Are you blindly throwing money into your retirement accounts every month? That’s probably not the best plan.
Yep, I used to do that too. I pretty much used the “set it and forget it” approach to my 401(k). After making my initial investment selections, I barely thought about it again – except for checking in on its total value a few times a year. I mean, you should leave everything to the professionals, right?
While messing too much with you retirement can kill your returns, not paying enough attention can destroy them too. But, in some cases, doing the right thing may take a little more effort on your part. Here are 7 ways you may be killing your 401(k) returns without even knowing it.
1) Paying High Fees
Financial salespeople love to say the average stock market return over is about 10%. That’s a nice sales pitch but it isn’t quite accurate. A better metric for determining returns is the compound annual growth rate. Since 1900, CAGR for the S&P 500 stands between 6.5% and 7%. I may not be Donald Trump, but I know that’s a HUGE difference. Additionally, 81% to 96% of actively managed funds fail to beat the S&P 500 benchmark… and since actively managed funds charge higher fees than low-cost index funds, you’re essentially paying more for inferior results. What’s worse, you don’t just lose on fees; a typical fee of 3.5% wipes out over half of your returns too. That could literally cost you hundreds of thousands of dollars (or more) in retirement savings.
The Fix: Before you do anything, get a free 401k account analysis here. It only takes about 5 minutes, and it can help you discover and save thousands in hidden fees. You’ll also learn if your account is set up with an approriate mix of investments.
2) You’re Not Meeting Your Company Match
I’m not saying you shouldn’t be saving in your work-sponsored retirement plan. You almost certainly should, especially if your company offers matching funds. Bring the 401(k) fees to your employer’s attention, but still use these accounts if they are matching your contributions. That’s still FREE money, and who doesn’t want that?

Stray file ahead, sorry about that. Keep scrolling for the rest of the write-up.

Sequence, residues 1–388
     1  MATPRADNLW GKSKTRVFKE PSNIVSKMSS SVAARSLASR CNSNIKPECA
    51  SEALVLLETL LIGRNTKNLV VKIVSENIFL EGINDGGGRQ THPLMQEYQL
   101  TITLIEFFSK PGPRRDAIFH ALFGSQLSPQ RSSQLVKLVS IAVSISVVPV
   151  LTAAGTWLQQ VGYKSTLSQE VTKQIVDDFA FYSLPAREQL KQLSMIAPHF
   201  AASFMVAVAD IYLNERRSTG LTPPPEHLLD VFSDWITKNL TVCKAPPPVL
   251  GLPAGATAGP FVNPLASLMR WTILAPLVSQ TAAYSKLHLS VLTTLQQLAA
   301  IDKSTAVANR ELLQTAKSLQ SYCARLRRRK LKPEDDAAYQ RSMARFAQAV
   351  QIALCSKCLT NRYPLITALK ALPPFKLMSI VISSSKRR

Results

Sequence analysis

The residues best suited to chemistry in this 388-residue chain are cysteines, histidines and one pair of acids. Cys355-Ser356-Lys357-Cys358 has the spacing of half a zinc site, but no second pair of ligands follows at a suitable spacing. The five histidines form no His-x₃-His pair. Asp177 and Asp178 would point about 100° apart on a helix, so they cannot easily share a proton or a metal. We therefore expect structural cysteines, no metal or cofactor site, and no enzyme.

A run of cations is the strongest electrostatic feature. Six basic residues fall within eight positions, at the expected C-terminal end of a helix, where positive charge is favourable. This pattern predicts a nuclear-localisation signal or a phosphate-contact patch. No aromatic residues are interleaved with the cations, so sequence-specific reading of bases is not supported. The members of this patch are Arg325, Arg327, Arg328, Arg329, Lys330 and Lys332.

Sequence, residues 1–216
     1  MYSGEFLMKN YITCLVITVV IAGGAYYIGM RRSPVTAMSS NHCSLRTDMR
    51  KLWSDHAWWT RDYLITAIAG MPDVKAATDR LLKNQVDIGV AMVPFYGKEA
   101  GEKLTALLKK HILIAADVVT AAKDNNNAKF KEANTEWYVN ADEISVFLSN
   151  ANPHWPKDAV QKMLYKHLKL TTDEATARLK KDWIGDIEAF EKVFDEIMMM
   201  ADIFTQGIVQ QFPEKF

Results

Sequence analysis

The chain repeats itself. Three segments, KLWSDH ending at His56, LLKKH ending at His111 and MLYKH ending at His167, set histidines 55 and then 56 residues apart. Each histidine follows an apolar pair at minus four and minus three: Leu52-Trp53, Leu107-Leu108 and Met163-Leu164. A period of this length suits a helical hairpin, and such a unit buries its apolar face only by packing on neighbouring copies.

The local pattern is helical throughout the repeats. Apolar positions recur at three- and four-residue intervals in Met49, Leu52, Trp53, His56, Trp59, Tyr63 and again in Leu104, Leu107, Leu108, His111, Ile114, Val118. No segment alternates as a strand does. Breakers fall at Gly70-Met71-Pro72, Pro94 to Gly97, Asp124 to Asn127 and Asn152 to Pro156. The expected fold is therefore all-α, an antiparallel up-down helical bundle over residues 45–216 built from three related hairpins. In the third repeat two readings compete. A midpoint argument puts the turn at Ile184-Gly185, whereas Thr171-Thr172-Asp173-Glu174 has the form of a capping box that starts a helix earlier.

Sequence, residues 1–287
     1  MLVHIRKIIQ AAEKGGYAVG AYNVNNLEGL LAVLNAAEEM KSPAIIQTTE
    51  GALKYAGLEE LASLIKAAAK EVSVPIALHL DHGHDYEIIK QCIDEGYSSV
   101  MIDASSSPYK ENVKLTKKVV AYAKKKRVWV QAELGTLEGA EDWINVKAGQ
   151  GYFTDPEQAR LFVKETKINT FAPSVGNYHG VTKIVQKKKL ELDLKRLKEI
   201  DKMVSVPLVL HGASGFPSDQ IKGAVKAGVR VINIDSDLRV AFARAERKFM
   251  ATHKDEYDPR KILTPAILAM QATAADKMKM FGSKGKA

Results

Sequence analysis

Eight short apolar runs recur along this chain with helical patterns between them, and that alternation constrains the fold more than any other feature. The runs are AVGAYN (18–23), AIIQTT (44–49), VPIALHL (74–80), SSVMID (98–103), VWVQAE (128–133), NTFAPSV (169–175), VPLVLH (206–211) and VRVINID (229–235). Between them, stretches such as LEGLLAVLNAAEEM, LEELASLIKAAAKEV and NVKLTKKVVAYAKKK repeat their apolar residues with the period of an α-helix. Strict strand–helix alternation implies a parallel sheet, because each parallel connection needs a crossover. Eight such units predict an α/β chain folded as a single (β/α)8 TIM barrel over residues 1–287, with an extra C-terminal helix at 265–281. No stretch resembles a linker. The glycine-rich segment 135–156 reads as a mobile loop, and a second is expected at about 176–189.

The Fix: Save at least enough to meet your company’s full match. So, if that’s 4% of your salary, you need to save at least 4%. Depending on the type of retirement account offered, this may also make you eligible to receive profit-sharing. (Yay! More free money!)
3) You’re Not Saving Enough
Whether you’re using an employer-sponsored retirement plan, a self-driven retirement plan, or a combination of both, be sure you’re putting enough money away for retirement. Don’t just pick a number they think they can afford and say, “Yep, that ought to be enough.” Maybe it is… maybe it isn’t. Worse, you may not be adjusting that number as your salary increases.
The Fix: Use any number of free financial tools to determine what your savings rate should be. Here’s a good rule of thumb: At a minimum, save at least 10% of your income for retirement. If you got started late, are self-employed, or want to retire early, you’ll need to save more. (Personally, we shoot for 15-20% every year.) Instead of having a flat fee deducted from your paycheck, use a percentage of your income instead. That way, every time you get a raise, your retirement savings gets a boost as well.
4) Waiting to Invest
Maybe you’re young and think you have all the time in the world to invest. You’re wrong, and your procrastination could be costing you tens of thousands of dollars. It could also mean you’ll have to work several additional years before you can retire.